By Paul Jones
Warren Gatland has told his British and Irish Lions to prepare for a “cup final” after their 27-9 defeat by South Africa in the second Test set up a series decider next Saturday.
The Lions entered half-time at Cape Town Stadium 9-6 ahead through three Dan Biggar penalties but the match then turned on its head, with the world champions taking control up-front and in the air.
Makazole Mapimpi and Lukhanyo Am crossed in the third quarter while the boot of Handre Pollard did the rest, setting up a winner-takes-all scenario in the climax to the tour next week.
“The players are very disappointed but next Saturday is a cup final. That’s how we’ve got to look at it and prepare,” head coach Gatland said.
“There are a few things we’ve got to tidy up. It’s 1-1 and South Africa put a huge amount of emotion into that game. We’ve got that chance next week to hopefully take the series.
“We were happy at half-time and in the second half just didn’t get into it. We got no momentum, no real opportunity to play. Nothing at all from our kick returns and that was disappointing.
“They scrummaged well in the second half and got some reward from that. We felt going into half-time that we’d carried well, we had some forward momentum and we just didn’t achieve that at all in the second half.
“We will do a proper review and look at individuals and do we need to make some changes. We have got lots of options in terms of bringing some guys in to give us energy or momentum as well.
“The game was very slow and they did a good job of slowing it down – it was difficult to get that rhythm. The ref was talking about trying to speed it up and it is something we will look at raising.”
The build-up to the second Test saw South Africa director of rugby Rassie Erasmus release online an hour-long video critiquing the performance of the officials at Cape Town Stadium a week earlier.
The Springboks then doubled down on their claim of being disrespected by the officials and accused Gatland of “destroying the dignity of the series” after the Lions made it known that they felt Marius Jonker – a South African – should not have been TMO.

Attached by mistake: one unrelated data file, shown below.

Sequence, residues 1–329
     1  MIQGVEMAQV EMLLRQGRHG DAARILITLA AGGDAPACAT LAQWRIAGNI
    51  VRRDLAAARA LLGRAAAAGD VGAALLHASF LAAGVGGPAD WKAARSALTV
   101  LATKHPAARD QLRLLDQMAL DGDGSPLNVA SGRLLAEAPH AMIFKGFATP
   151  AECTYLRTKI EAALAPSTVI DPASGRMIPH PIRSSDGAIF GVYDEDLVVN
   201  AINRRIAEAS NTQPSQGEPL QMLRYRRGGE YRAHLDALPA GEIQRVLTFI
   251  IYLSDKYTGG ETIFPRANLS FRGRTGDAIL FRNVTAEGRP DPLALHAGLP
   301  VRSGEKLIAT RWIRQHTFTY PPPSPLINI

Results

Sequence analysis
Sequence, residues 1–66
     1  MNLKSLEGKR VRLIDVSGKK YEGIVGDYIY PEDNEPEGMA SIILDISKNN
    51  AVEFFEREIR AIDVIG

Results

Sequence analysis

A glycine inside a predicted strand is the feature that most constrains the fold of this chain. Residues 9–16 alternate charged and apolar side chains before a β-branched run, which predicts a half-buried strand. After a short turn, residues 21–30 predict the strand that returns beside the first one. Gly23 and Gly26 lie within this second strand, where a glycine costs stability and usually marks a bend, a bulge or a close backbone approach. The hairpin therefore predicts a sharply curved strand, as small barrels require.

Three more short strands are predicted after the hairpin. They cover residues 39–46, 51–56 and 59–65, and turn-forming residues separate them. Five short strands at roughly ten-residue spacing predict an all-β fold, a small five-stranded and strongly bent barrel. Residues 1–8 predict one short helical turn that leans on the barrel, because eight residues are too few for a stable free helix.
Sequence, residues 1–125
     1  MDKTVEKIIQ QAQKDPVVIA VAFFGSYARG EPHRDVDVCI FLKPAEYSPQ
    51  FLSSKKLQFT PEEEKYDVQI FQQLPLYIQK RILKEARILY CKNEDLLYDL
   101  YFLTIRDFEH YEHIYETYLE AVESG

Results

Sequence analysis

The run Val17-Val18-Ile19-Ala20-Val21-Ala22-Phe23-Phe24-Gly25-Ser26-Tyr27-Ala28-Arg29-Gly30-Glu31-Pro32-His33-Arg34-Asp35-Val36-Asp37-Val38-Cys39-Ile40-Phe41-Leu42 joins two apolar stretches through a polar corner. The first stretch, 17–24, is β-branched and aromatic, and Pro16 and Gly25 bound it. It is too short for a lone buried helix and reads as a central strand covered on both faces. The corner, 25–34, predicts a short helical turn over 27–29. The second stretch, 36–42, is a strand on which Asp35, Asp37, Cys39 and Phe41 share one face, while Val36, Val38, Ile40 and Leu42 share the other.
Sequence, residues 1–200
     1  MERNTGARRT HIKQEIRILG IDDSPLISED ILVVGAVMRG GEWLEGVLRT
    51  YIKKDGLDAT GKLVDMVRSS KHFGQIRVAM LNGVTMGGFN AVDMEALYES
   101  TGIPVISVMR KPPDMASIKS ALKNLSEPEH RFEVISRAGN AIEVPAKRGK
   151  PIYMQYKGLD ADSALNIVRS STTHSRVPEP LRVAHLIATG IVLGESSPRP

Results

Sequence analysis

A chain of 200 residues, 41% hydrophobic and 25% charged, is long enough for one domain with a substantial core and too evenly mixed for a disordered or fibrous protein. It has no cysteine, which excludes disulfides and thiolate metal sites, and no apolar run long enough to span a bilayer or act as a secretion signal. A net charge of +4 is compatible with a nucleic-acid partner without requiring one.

“I thought it (Erasmus’ video) was pretty interesting. I won’t be going on social media this week,” Gatland said.
“I don’t really want to comment on that because I want other people to take care of it. The last thing we need is a war of words and being accused of doing certain things.
“It’s amazing to me how the narrative changed with regard to the TMO. I didn’t make one comment leading up to the game last weekend about the TMO yet I was accused of questioning his integrity.
“That was the message they were sending out. We’ll keep things to ourselves and keep to the proper channels.
“We’ve got systems and process in place. Hopefully, World Rugby looks at that to make sure everyone follows the protocols.
“We deal with the referees through World Rugby. That’s the process. I just hope it doesn’t get to the situation where we end up with things on Twitter and people airing their views in that way and not through the proper channels.
“I found it quite strange that that approach was taken. It’s definitely not something I’ll get involved with. It’s important that we keep up the integrity of the game as much as we can.”
Lions full-back Stuart Hogg has denied biting Willie Le Roux in Saturday’s defeat by South Africa.
Hogg’s head made contact with the left arm of Le Roux when tempers flared in the second half of a fractious second Test at Cape Town Stadium.
Footage and stills of the incident have been circulated on social media, but the Scotland captain rejects claims that he bit his opposite number.
“Following speculation that has surfaced online, I would like to categorically deny any foul play in last night’s game,” Hogg said in a statement released by the Lions.
Does Hogg have Willie in his mouth here? https://t.co/EBkSE7xw2M
— Dai Lama (@WelshDalaiLama) July 31, 2021
“I would never bite an opponent and I am annoyed and upset by this unsubstantiated accusation. I’ve always been proud of playing rugby in the spirit of the game.
“Respect to the Springboks for their deserved win yesterday. The squad is hurting after last night’s defeat, but it’s all to play for next week. It’s going to be a cup final and everyone’s going to be up for it.”
The citing window for disciplinary action to be brought has been extended to 24 hours, meaning the authorities have until later on Sunday to announce any charges.
South Africa’s Cheslin Kolbe could also face action after escaping a red card for taking out Conor Murray in the air, as could Faf de Klerk after his no-arms high tackle on the Lions scrum-half.
The Springboks head coach, Jacques Nienaber, for his part, insisted that O’Keeffe and the South African TMO, Marius Jonker, made the right decision in showing Kolbe a yellow card only. “I thought it was the right call, a yellow card. They followed the process to a T,” he said.
“Our leadership group was fantastic. I should give them my win bonus. I felt more of a facilitator than a coach.”